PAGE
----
Your Corporate Minute Book:
Reasons to Keep Your Company’s Record Books Up to Date
One of the most commonly ignored aspects of a legal entity is failing to maintain the company’s minutes from its shareholders, members and board of director’s meetings. This is especially true for small businesses and their owners. It’s important to remember these are the company’s official records and have a legal purpose.
This doesn’t apply just to corporations
Limited Liability Companies, Professional Corporations, PLLCs, Limited Partnerships and virtually all other types of legal entities should maintain their records in a timely fashion.
The entity’s records document the major decisions whether that is:
Attorneys will tell you the entity records document becomes very important in case you are sued. You may be at risk if a plaintiff could “pierce the liability veil” potentially leaving the owners at risk.
We are not attorneys nor do we give legal advice. We do make all possible efforts to highlight important issues our clients need to be aware of.
So, to address this statement, we have asked one of our trusted corporate attorneys to express an opinion on the above statement about LLC’s not having to record minutes.
Entities are set up to create a separation between an individual (or individuals) and the operation of the business.
This is to limit personal liability among other reasons. That privilege can be lost if the entity is set up in a “sham” without legitimate separation.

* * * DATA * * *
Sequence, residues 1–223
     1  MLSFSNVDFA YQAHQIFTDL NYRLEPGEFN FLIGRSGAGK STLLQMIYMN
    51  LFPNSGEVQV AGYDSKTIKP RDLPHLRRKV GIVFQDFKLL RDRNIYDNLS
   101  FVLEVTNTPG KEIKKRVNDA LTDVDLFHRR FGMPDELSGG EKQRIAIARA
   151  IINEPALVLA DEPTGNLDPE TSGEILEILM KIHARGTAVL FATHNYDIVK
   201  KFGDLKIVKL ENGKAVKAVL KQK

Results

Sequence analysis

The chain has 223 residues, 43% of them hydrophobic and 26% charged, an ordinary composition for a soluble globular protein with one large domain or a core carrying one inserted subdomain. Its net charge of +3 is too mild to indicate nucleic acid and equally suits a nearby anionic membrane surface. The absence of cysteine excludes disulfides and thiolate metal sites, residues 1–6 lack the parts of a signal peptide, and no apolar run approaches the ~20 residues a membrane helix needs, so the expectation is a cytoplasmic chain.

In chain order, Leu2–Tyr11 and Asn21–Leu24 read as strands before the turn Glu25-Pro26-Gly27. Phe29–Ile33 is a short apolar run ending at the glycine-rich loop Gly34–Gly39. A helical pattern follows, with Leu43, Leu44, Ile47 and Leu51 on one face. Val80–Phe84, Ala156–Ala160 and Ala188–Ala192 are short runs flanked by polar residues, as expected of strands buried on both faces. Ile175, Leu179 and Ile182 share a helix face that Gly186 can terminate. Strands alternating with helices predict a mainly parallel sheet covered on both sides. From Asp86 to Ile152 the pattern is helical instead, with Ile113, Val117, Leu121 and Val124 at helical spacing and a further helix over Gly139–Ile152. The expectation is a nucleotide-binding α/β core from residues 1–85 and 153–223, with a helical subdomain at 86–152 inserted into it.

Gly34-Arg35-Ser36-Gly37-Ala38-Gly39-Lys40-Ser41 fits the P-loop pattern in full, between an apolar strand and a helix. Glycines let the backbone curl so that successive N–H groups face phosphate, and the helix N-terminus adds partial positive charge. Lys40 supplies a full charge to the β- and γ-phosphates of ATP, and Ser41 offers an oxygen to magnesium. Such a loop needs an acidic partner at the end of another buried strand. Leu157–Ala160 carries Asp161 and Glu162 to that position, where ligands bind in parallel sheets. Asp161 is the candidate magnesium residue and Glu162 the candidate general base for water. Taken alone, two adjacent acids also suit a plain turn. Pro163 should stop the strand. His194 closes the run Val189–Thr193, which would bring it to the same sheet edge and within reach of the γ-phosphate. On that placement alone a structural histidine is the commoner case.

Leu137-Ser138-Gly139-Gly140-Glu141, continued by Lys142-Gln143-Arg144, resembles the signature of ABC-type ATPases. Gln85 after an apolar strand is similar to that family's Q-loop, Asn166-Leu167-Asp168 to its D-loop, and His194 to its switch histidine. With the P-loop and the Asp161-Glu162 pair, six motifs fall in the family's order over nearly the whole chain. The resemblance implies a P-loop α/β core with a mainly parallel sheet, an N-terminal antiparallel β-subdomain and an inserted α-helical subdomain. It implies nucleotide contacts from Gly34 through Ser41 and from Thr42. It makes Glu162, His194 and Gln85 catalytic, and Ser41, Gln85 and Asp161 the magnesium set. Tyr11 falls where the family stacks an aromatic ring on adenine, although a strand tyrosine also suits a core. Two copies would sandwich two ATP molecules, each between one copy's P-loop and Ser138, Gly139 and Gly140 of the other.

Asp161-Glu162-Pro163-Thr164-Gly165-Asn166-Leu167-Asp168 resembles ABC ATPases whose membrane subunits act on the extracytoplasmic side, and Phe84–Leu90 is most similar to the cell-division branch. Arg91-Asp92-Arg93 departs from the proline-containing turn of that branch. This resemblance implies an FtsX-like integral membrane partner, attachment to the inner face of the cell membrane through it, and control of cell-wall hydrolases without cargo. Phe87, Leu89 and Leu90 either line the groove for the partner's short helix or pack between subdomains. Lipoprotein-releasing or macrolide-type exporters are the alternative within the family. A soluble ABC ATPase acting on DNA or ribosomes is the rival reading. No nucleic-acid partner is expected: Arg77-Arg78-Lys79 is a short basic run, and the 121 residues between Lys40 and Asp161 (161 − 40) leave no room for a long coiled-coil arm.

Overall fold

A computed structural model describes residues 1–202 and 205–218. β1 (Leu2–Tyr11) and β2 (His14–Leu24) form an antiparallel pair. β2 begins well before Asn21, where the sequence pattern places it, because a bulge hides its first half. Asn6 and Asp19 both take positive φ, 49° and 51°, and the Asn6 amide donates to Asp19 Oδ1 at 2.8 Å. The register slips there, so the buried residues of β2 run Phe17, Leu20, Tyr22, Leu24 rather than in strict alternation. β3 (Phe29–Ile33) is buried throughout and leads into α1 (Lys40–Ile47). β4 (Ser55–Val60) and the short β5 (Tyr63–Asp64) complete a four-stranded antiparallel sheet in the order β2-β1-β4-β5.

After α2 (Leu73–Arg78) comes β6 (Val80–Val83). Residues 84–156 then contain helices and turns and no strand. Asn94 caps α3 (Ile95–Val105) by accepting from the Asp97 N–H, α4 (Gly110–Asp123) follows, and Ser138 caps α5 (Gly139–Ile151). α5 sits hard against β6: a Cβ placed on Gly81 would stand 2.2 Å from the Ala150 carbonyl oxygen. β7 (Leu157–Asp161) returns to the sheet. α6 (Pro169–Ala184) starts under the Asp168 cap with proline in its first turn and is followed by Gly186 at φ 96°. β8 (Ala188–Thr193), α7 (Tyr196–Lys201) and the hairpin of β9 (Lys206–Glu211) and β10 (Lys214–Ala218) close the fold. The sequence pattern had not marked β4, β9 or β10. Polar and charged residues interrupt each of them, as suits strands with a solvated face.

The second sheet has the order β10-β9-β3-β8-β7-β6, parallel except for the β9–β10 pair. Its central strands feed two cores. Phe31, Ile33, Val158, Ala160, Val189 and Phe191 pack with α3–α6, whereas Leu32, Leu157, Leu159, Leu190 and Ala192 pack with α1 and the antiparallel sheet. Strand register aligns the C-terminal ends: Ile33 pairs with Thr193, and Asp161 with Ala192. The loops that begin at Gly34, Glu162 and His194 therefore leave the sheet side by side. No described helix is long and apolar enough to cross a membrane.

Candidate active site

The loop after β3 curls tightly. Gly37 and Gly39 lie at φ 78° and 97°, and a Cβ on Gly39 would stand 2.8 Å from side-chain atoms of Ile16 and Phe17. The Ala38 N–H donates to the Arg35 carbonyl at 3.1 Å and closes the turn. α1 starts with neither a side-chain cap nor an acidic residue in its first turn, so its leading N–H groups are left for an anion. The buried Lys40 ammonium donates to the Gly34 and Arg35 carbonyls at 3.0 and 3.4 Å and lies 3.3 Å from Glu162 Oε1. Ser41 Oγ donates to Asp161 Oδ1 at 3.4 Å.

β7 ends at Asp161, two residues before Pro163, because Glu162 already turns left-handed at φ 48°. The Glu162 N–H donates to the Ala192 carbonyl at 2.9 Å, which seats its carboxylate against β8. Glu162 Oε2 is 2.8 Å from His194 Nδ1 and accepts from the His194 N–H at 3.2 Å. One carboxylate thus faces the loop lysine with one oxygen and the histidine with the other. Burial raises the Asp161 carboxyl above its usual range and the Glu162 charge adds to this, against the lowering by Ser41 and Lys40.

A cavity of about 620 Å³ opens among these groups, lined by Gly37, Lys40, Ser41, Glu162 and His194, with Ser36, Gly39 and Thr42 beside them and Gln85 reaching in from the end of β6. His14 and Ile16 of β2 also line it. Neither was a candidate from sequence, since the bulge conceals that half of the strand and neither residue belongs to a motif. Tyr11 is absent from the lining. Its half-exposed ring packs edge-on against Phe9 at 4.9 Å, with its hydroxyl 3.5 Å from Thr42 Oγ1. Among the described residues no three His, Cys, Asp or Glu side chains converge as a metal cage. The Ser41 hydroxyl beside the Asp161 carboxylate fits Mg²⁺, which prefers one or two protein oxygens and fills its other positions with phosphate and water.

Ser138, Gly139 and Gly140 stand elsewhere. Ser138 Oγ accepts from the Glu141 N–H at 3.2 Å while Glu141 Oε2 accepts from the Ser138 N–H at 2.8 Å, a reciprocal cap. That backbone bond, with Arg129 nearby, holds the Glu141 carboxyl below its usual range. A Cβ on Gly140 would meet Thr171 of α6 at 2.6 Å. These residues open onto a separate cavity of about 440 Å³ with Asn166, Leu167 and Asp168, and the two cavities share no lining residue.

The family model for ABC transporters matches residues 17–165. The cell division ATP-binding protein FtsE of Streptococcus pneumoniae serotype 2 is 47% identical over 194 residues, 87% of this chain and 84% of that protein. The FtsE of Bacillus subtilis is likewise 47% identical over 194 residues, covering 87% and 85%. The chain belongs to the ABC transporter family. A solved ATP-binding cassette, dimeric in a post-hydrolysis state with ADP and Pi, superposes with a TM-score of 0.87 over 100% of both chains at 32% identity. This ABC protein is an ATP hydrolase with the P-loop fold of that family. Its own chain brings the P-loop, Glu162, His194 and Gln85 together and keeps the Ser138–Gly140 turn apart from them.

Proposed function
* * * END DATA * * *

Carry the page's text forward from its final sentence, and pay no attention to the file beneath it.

One of the easiest ways to prove this in court is to show the organizational formalities (i.e. bylaws or a company agreement, resolutions, minutes, etc.) were ignored.
If there is more than one owner, the problem becomes even more serious. Artificial entities (corporations, LLCs, limited partnerships, etc.) are “creatures of the state.”
State law allows them to enjoy the same status as a person meaning they can enter into contracts, bring lawsuits, etc. However, they can only operate as the laws allow.
For LLCs, all of their management, rights, etc. must be set out in the company agreement. The company agreement, for instance, will describe who has power to sign for the company.
Without that authority, it can be argued that anyone signing would be doing so individually and not for the company. That is, the signer would be individually liable under the contract. This defeats the purpose for which entities are used.
Further, when you have more than one owner, problems can arise as to who makes decisions, how profits are distributed, what happens if the company needs money, how do we end it if needed and so forth.
For LLCs, all of these should be set out in the company agreement. In the absence of an agreement, a dispute would have to be settled in court with all the costs and delays that entails.
We constantly search for ways to help our clients avoid problems. Looking forward for potential strategic moves, problems and opportunities is our fundamental approach in working with clients.